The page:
Italian Peasant Food Goes Grand
Pamela Sheldon Johns Returns to Cook at Sunstone Villa
Pamela Sheldon Johns should be a name familiar to longtime Santa Barbarans, as she started the cooking school at Jordano’s Marketplace back in 1992. Then again, you don’t need to be a local to know of her widespread acclaim as a James Beard–nominated cookbook writer and author of titles such as Balsamico! and Parmagiano! Johns, currently based in Italy where she leads culinary tours and classes, is back in the States to tout her latest release, Cucina Povera. As part of that visit, she’ll lead two afternoons of classes and lunch at the Sunstone Villa, December 14 and 15.
“Cucina povera means peasant cooking,” she explained in a recent email. “I have incorporated short stories about people who lived through hard times and how they managed to feed themselves. Many of those dishes still exist in today’s repertoire, such as ribollita … This vegetable soup layered with dry bread was a means of using up what was at hand. Today it is rich with vegetables and beans; in the past it was often more sparing of ingredients, but it remains as a classic Tuscan favorite.” Ribollita is just one of the dishes to be featured on the event’s menu that also includes peposo di guanciale (stewed peppery beef cheeks) and chestnut crêpes with fresh ricotta and chestnut honey.
Bion Rice, president and CEO of Sunstone, couldn’t be more excited about the event. “We are trying to emphasize food and wine events at the Villa,” he says. The amazing structure, originally built as the Rice family residence, is, according to Rice, “70-80 percent reclaimed from structures in France, and 90 percent reclaimed total. My mother was a real estate agent and designer and my dad a builder and carpenter, so he could build anything she’d dream up. An old door from a Napoleon Bonaparte–era jail is now in the cellar, for example. Everything in the building has a story.”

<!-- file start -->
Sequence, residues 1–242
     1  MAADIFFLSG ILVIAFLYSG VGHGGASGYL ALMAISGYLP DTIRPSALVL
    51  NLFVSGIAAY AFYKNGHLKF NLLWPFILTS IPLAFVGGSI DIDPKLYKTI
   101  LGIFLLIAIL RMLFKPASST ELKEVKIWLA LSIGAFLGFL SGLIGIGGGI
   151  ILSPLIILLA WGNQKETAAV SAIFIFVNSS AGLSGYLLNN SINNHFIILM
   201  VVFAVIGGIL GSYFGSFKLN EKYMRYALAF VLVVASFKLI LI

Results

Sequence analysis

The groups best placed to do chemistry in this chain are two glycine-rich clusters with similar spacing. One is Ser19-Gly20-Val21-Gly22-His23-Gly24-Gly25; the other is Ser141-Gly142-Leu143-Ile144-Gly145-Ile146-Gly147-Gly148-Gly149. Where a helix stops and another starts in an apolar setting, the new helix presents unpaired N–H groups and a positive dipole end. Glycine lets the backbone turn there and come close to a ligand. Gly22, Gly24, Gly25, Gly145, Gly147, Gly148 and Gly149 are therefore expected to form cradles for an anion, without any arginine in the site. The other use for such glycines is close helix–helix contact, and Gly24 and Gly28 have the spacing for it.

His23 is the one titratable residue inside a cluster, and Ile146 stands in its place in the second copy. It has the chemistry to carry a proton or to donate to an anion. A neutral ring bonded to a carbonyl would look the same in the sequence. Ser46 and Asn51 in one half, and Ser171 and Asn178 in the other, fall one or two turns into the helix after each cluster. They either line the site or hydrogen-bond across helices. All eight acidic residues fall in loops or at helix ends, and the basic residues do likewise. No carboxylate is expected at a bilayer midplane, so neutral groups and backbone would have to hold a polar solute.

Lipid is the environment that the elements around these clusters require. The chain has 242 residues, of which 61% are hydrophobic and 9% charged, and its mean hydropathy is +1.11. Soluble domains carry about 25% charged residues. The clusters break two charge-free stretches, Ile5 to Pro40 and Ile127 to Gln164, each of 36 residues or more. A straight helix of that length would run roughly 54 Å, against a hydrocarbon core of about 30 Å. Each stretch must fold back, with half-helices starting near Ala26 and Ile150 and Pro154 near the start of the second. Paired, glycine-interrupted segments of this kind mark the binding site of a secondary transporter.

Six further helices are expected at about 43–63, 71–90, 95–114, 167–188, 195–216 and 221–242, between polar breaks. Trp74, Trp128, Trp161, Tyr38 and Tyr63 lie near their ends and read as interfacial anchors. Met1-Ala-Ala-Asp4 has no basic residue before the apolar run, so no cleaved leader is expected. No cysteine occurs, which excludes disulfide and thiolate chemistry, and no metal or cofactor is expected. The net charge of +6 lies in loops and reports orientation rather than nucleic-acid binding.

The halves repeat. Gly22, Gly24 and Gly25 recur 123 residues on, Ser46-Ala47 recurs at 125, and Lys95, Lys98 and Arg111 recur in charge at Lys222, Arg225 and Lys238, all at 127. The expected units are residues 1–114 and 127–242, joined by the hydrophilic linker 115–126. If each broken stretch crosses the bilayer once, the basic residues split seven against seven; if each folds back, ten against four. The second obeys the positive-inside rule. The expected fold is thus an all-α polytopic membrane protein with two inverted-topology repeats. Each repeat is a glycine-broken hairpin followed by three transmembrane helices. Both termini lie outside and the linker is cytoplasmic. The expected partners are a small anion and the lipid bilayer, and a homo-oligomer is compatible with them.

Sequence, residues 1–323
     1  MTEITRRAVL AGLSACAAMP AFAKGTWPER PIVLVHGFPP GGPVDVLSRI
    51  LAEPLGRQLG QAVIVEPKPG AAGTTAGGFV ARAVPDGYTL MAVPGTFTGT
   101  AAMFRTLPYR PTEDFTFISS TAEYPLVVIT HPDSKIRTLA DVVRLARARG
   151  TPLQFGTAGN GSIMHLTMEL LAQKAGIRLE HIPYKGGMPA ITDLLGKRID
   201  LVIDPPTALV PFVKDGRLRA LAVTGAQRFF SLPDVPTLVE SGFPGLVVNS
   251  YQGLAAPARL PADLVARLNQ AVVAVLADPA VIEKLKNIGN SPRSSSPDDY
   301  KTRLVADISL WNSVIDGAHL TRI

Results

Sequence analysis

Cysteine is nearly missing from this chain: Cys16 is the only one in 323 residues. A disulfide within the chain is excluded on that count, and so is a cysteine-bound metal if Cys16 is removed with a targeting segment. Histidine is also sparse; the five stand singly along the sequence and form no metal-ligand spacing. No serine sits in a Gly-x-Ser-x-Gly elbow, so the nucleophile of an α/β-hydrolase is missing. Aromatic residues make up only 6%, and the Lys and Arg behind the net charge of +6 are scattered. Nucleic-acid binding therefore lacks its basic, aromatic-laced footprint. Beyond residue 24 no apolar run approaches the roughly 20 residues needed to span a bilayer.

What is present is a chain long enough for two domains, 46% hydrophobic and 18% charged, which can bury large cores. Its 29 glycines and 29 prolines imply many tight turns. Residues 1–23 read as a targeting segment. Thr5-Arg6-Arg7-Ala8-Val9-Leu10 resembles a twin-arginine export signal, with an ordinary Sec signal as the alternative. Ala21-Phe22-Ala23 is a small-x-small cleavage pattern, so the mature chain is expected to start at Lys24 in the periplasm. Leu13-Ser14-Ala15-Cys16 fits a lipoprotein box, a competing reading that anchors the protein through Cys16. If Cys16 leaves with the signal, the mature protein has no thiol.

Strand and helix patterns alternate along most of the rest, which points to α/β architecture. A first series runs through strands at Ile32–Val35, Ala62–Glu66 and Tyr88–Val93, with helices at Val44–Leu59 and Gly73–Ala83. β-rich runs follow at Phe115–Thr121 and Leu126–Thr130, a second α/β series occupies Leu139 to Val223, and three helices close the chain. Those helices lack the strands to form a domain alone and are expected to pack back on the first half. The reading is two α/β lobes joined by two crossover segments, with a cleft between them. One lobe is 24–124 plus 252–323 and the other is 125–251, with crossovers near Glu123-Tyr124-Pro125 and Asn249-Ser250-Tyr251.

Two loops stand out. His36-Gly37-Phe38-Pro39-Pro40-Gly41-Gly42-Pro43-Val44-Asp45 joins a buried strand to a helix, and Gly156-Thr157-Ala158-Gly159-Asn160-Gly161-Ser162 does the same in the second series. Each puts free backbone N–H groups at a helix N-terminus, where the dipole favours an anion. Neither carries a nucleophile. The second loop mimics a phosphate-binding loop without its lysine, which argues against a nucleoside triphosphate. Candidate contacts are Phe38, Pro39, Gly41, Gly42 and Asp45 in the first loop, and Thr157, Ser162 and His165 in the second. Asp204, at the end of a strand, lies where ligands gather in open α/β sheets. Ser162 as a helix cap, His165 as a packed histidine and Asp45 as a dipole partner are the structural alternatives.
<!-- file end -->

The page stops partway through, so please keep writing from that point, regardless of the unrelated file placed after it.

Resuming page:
The stories will continue to grow as Johns cooks in the villa’s rustic kitchen. “I remember when Sunstone opened, as I was still in Santa Barbara, and knew the first winemaker, Greg Brewer,” she says. “I am looking forward to seeing (and tasting) all of the new changes; it looks wonderful.” Rice, who will be choosing the wine pairings personally, hadn’t yet settled on choices but did admit that while Sunstone currently doesn’t make any Italian varietals, nebbiolo or sangiovese could be planted in the future.
And while Johns is here to teach, as befits her 20-plus years of travel and research in Italy, she’s also looking forward to visiting her old hometown, “walking on the beach, shopping the farmers’ markets, driving around to see the holiday lights, visiting Isidoro and eating at Super-Rica!”
Discover the riches of Cucina Povera with a class and lunch with Pamela Sheldon Johns at the Sunstone Villa on Saturday, December 15, 11 a.m.–2 p.m. (A Friday event is already fully booked.) Food, class, and wine pairings are $185. For reservations call (805) 688-9463 x244. Additionally, a demo cooking class is in the works for Slow Food with Laurence Hauben, on December 27. Email email@example.com.